How Social Media Can Help Us Generate Productive Momentum

by cv harquail on July 18, 2011

Social Media systems inside organizations should not be designed just to support tasks.  Social business systems should also be designed to support the emotional elements of interpersonal relationships, since these build momentum by helping us feel more meaningful and valuable as we work together.

Often, people assume that digital social systems inside organizations should help us move specific, particular tasks forward. “If these systems help us edit documents, send updates, check information, and find resources,” we think, “they’ll help us get work done better and faster. But if these systems make the social, emotional, personal/collective experience of doing those tasks more pleasant, that’s a side benefit. It’s not critical.”

That view couldn’t be more wrong.

Our social business systems should help us capture and share positive socio-emotional feelings related to doing work tasks, since these emotions are critical for generating productive momentum.

Generating Productive Momentum

I just cracked open a new book, The Progress Principle: Using small wins to ignite joy, engagement, and creativity at work, by Teresa Amabile and Steven Kramer. The Progress Principle gives us a different way to identify what generates productive momentum and to make sure we’re designing systems that support all the elements that matter to productivity.

According to The Progress Principle, there are two forces that make productive momentum possible: “catalysts” and “nourishers”.


(I wish their labels sounded more like actions or tools and less like personality types, but I’ll stick with their labels for now.)

“Catalysts” are actions that directly support the work on the project. Catalysts include firm goals, operational autonomy, action steps, access to resources, and clear progress indicators. These features are usually built right into knowledge management, enterprise, and collaboration software. They’re what many people imagine when they think of digital work systems.

“Nourishers” are interpersonal communications that share feelings and reflect the qualities of our work relationships. Nourishers lift our spirits, encourage us, and support us socially & emotionally as we work. Amabile and Kramer highlight nourishers like demonstrating respect, offering encouragement, offering emotional support, and developing a sense of affiliation. Actions that affirm identity, link activity to purpose, and offer chances to contribute from one’s unique knowledge set also nourish momentum.

Social Media systems of engagement can support both catalysts and nourishers.

Catalysts: Social media systems help us generate productive momentum simply by making work easier to do. In addition to helping us do the actual work, social media helps us see the progress of our work, by surfacing, recording, tracking and aggregating the actions that move the tasks along.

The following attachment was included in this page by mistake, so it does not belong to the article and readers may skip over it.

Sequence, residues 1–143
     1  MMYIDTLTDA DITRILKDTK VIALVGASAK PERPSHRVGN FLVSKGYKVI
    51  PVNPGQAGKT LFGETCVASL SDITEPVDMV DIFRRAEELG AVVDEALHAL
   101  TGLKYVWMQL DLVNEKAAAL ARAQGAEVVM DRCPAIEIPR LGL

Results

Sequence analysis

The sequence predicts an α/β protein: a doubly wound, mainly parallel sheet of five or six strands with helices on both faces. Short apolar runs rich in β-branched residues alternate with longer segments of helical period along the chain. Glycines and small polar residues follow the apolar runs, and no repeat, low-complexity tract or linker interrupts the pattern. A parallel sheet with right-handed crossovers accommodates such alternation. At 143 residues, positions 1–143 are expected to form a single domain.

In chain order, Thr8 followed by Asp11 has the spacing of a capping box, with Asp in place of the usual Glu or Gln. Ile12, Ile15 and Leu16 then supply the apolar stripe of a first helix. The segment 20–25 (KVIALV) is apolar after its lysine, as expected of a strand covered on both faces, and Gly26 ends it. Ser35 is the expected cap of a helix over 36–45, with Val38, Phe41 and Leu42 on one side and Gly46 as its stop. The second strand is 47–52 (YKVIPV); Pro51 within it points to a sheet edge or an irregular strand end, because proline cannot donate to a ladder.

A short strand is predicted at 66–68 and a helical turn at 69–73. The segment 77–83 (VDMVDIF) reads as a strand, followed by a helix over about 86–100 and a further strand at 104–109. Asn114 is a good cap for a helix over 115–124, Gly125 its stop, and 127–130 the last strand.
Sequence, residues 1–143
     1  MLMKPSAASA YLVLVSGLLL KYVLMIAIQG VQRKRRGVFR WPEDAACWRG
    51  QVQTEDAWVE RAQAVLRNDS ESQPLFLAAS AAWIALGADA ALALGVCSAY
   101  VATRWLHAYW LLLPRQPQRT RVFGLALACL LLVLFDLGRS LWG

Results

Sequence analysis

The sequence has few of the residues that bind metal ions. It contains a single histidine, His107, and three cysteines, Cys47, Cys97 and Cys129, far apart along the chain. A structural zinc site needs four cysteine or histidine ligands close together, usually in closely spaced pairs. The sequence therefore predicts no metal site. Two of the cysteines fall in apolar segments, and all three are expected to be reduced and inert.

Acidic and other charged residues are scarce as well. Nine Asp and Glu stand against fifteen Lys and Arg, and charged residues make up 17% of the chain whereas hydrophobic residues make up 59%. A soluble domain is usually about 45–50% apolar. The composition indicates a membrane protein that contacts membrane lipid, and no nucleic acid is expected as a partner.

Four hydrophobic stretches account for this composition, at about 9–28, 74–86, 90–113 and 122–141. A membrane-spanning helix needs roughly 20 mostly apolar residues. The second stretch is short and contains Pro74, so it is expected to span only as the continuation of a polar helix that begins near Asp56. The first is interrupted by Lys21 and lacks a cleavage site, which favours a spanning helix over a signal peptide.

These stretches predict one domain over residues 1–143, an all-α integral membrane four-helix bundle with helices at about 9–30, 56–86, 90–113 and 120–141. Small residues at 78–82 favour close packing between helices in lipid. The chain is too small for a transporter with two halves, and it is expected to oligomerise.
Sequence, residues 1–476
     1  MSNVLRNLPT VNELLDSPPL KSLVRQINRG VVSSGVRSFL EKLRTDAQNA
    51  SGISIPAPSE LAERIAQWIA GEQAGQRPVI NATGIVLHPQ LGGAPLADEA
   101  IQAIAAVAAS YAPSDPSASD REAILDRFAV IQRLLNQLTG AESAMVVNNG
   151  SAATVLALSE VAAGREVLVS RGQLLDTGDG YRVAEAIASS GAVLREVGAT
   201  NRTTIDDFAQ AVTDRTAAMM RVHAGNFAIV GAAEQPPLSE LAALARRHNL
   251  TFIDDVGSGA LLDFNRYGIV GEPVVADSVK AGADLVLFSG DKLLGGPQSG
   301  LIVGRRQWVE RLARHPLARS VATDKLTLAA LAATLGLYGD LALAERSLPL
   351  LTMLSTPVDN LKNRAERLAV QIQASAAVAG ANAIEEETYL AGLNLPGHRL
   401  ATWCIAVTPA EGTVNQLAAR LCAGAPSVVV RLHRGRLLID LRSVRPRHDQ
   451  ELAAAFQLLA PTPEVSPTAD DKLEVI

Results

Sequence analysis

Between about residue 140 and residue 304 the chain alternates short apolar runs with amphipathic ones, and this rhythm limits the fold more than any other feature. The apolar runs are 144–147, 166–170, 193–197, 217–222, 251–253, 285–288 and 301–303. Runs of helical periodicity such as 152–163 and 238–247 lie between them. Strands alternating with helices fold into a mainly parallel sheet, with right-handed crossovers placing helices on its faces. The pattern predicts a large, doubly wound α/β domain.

Nourishers: Social media systems can also help us generate productive momentum by supporting the social & emotional experiences that keep us engaged in our work. Features that support our day-to-day relational work, and features that allow us to share our moods, remind us to send thanks, prompt us to broadcast accolades, and maintain an ambient feeling of being ‘with’ others working digitally alongside us, can support and sustain positive relationship experiences.

Tools that help us surface, recognize, savor and celebrate positive interactions generate momentum by making work personally and collectively meaningful.


Catalysts are productivity generators that software designers, IT managers, and project managers are most likely to pay attention to. But nourishers are productivity generators that leaders pay attention to.201107141455.jpg

Leaders who want to generate momentum:

  • When you think about the systems you are building for your organizations, are you supporting not only catalyzing actions but also nourishing actions?
  • Are you paying attention to how your tools could provide socio-emotional support that builds individual and group momentum?
  • Are you helping to learn and to teach others how to use the tools you have to convey both task information and positive social information?


For individuals and collectives actually to be productive, both the tasks and the positive social experience of doing these tasks must be supported. Social media systems should be designed so that we have tools to capture, record, and convey when we experience ourselves, our colleagues, and our work activities in positive ways.


Thanks to Terri Griffith for the head’s up about The Progress Principle.

See also:
How Social Media Reveals Invisible Work
Rearranging Chairs as an Act of Leadership

{ 1 comment }

Summer Internship July 23, 2011 at 3:05 am

Interesting read, could takeaway a few points would love to utilize in my organization. Thanks for sharing.

Comments on this entry are closed.